Every journey begins with a plan, or at least it should. Being clear on a destination is simply not enough. It’s critical to also ensure you prepare for the journey (What tools will you need?), the route you will take (Do you want the scenic route or the express lane?) and the best mode of transport (How quickly do you want to reach your destination?).
Yes, it’s all about the plan. Or is it?
Mike Tyson once said, “Everyone has a plan ‘til they get punched in the mouth.” At the risk of sounding pessimistic, it’s highly likely you’ll feel like you’ve been punched in the mouth a few times along your lean journey.
That said, with the right training, mindset and planning, we can all take a few punches without it hindering our title shot. To be clear, I’m not suggesting that you formulate a highly detailed plan, but you should spend some time considering a few key aspects of your journey before you set sail.
Whether you have been integrating lean for some time or you are just commencing your journey, you’ll find the following steps helpful relative to preparing for the best, while still being ready to take a punch and remain standing.
Step 1: Understand where value exists. I find it’s typical for a company to start its lean journey by first addressing pain points. These points are often bottlenecks or cultural obstacles that limit the performance of the business, the ability to best serve customers or generally seem to be a black hole as it pertains to lost revenue or extensive overhead. This is the wrong approach. The right approach is to begin by understanding how your business or a division within the business adds value to the customer. It’s from this assessment that the most important bottlenecks (those that hinder your ability to quickly and effectively serve the customer) are identified, and it’s these areas that will yield the most significant return on your investment in lean if you start here.
Step 2: Planning the three T’s: Once have a clear understanding of where you want to target your lean efforts, the next logical step is to assess each area relative to the three T’s, which are:
- What tools in your lean toolbox will likely be the most effective at quickly achieving your objectives?
- Who are the team members best suited to support and participate in the application of the tools?
- How much time is necessary to achieve your desired results in each specific area?
It’s through assessing the three T’s that you can quickly formulate a plan that consists of target areas, resources necessary and the best approaches to achieve your desired outcomes quickly.
Step 3: Socialize Your Plan: It’s one thing to create a plan that engages others; it’s something else to engage those in the making of the plan. Consider that your plan for improving the performance of the business needs to gain the attention and support of senior leaders, middle managers, supervisors, employees and possibly even customers and suppliers. Once you have a plan of attack, the next step is to socialize the plan to obtain feedback. By engaging in dialogue and obtaining and incorporating (where it makes sense to do so) the feedback of others, you gain social consensus and commitment to achieving your plan — regardless of whether you incorporate all of the feedback or not. The plan quickly becomes “our idea” rather than “your idea.”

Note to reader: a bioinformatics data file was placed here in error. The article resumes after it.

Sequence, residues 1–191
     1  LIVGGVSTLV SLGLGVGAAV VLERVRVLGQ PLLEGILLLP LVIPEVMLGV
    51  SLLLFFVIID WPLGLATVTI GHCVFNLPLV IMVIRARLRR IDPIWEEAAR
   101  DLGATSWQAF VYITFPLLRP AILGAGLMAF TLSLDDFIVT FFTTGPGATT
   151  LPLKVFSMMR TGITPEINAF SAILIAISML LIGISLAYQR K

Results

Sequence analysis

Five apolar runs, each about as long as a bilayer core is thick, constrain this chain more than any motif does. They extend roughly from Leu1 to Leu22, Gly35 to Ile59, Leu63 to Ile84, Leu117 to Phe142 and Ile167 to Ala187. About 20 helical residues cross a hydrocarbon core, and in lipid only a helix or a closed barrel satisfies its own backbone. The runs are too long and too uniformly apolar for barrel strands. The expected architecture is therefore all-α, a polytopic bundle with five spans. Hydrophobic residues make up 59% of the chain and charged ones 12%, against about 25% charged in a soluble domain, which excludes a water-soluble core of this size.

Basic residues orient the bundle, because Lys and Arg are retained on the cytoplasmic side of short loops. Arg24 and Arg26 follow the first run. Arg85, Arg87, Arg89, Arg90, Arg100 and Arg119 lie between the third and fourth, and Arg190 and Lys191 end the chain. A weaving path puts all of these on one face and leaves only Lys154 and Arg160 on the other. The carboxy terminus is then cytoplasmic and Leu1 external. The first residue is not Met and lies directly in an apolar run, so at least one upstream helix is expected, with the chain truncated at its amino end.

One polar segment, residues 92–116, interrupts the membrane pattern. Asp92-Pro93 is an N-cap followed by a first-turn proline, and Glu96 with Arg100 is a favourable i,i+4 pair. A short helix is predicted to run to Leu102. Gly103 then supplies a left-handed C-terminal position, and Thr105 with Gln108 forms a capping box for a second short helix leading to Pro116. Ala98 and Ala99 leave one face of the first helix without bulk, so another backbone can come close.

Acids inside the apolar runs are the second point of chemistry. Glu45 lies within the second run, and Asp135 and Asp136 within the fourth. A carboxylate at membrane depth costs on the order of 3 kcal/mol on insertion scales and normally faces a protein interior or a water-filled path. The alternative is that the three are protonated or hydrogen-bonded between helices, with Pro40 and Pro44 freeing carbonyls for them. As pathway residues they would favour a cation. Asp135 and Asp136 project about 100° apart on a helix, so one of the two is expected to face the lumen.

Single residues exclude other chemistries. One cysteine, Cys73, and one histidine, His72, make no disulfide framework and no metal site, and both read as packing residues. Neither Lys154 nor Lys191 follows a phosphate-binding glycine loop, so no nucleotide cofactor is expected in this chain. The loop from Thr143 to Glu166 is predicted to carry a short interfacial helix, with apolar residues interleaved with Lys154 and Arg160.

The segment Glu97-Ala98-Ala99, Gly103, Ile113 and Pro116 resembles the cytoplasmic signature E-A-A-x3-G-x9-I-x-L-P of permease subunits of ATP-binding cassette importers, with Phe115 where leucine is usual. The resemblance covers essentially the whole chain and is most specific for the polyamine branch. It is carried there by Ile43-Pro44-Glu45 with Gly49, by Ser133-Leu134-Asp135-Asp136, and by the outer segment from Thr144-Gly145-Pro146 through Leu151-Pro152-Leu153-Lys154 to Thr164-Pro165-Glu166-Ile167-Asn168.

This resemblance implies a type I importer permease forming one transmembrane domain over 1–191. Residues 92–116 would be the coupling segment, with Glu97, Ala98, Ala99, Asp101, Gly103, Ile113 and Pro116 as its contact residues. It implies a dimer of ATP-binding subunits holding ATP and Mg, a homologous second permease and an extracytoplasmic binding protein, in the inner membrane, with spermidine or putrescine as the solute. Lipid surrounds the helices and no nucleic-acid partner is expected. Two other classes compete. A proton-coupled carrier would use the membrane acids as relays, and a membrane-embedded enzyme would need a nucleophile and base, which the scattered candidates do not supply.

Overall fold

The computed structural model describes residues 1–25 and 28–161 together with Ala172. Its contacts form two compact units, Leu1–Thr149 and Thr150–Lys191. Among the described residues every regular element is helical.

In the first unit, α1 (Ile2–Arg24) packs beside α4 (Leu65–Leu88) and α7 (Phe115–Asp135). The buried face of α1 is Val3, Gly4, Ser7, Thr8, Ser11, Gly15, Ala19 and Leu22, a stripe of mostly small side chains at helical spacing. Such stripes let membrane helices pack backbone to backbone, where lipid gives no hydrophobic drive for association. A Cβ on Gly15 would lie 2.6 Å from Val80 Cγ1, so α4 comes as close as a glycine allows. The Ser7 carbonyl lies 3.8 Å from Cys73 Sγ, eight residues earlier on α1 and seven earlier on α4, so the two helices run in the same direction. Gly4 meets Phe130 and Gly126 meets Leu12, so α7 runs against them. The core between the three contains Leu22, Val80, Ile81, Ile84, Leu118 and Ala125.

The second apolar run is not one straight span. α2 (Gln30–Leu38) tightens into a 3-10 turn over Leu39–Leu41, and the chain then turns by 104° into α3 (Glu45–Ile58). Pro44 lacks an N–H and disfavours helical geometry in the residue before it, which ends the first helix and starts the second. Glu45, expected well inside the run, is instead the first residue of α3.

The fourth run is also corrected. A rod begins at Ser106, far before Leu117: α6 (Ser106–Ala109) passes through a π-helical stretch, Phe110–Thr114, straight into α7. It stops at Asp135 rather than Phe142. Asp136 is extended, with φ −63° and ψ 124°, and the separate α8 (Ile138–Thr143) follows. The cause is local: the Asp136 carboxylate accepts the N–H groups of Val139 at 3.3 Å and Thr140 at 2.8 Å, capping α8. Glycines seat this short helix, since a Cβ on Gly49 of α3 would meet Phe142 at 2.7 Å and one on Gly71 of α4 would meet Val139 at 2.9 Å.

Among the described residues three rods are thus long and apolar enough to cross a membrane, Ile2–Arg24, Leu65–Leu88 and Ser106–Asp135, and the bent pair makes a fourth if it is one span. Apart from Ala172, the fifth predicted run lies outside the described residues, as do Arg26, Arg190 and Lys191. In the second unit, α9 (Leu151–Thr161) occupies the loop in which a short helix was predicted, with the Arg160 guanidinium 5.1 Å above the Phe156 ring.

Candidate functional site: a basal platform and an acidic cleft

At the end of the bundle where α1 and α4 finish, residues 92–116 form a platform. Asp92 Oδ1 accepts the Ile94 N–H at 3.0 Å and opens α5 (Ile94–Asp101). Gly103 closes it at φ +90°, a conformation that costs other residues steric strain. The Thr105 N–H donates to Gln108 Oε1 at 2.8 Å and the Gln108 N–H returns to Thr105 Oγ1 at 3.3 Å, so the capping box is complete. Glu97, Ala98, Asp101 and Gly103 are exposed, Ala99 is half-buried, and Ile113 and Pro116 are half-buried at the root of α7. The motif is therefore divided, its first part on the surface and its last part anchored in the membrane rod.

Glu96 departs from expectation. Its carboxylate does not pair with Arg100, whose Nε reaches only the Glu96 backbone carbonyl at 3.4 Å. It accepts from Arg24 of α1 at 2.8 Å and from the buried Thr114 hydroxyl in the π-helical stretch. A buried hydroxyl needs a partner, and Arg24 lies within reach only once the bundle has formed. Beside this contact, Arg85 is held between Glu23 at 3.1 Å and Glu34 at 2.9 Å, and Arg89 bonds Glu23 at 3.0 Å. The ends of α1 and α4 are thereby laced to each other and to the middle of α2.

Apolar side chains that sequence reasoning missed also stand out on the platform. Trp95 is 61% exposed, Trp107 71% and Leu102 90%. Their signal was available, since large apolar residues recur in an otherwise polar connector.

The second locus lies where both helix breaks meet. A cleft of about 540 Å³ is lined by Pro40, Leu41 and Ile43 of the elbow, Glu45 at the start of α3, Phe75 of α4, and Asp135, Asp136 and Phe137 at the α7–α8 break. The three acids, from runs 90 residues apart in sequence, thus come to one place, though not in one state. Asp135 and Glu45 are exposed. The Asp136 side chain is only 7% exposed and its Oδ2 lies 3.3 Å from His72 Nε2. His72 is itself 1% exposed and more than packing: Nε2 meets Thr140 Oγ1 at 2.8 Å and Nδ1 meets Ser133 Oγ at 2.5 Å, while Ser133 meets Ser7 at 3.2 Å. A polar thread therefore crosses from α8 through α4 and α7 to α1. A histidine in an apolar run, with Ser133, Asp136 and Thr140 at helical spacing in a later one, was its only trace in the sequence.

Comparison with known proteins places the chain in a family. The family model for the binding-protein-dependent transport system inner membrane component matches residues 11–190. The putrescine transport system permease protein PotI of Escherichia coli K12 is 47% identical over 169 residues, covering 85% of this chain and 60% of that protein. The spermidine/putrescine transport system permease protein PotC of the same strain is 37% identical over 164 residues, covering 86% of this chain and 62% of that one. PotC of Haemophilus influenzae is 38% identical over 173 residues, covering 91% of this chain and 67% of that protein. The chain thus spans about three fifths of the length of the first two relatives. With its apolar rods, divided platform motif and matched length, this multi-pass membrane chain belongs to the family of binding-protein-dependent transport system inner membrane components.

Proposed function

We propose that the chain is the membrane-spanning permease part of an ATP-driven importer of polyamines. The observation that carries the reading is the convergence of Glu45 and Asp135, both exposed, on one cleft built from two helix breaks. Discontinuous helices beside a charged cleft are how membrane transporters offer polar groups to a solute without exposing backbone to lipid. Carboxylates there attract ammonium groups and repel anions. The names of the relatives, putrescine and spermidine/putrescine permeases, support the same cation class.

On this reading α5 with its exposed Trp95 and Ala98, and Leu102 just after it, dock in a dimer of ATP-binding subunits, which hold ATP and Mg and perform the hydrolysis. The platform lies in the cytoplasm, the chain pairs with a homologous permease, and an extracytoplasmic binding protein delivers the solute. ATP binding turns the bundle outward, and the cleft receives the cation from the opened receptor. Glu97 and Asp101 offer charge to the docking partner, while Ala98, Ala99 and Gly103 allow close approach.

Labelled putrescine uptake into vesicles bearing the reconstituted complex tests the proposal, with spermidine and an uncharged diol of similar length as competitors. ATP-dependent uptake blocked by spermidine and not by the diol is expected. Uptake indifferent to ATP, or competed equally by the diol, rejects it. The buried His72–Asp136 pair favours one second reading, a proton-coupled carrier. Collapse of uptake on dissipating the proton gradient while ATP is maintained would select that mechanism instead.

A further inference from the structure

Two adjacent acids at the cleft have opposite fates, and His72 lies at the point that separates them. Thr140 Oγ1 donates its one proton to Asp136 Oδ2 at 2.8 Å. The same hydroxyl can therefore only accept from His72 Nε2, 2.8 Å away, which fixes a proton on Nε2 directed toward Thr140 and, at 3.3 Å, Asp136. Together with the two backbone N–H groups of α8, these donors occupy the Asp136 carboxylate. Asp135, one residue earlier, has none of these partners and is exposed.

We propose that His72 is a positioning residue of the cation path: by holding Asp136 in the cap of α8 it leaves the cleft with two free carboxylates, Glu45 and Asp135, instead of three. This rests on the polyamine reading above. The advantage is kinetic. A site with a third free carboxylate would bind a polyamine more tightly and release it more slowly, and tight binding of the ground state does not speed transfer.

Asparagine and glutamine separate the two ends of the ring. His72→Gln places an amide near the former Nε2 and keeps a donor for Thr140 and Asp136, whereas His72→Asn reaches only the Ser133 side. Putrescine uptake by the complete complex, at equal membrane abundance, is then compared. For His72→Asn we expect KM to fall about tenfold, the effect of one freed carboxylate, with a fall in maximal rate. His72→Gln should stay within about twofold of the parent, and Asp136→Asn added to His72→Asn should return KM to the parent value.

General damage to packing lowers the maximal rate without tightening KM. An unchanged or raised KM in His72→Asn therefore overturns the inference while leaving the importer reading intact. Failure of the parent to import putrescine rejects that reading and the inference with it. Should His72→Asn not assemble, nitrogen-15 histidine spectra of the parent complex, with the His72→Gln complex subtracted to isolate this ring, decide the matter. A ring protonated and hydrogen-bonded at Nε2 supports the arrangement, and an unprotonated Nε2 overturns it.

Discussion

Step 4: The Agile Launch: Remaining concrete on your plan is the worst possible approach and is likely to result in disappointment. Every plan has its faults, and every situation comes with a few unexpected punches to the mouth. Launching your plan will no doubt have some bumps and bruises, but by remaining agile and flexible, you will quickly overcome, re-chart your direction or adjust your expectations.
So there you have it. Four steps to launching (or re-launching) your lean journey while being prepared for the inevitable “few shots to the mouth” that you are likely to take along the way. On the other hand, you could simply enter the ring swinging with no real plan of action, but your chances of winning the title and achieving your objectives are significantly less likely.
Just ask Mike Tyson.
Shawn Casemore is the president and founder of Casemore and Company, Incorporated, a management consultancy helping organizations globally to improve organizational performance and build financial strength. Learn more at www.casemoreandco.com or follow Casemore on Twitter @ShawnCasemore.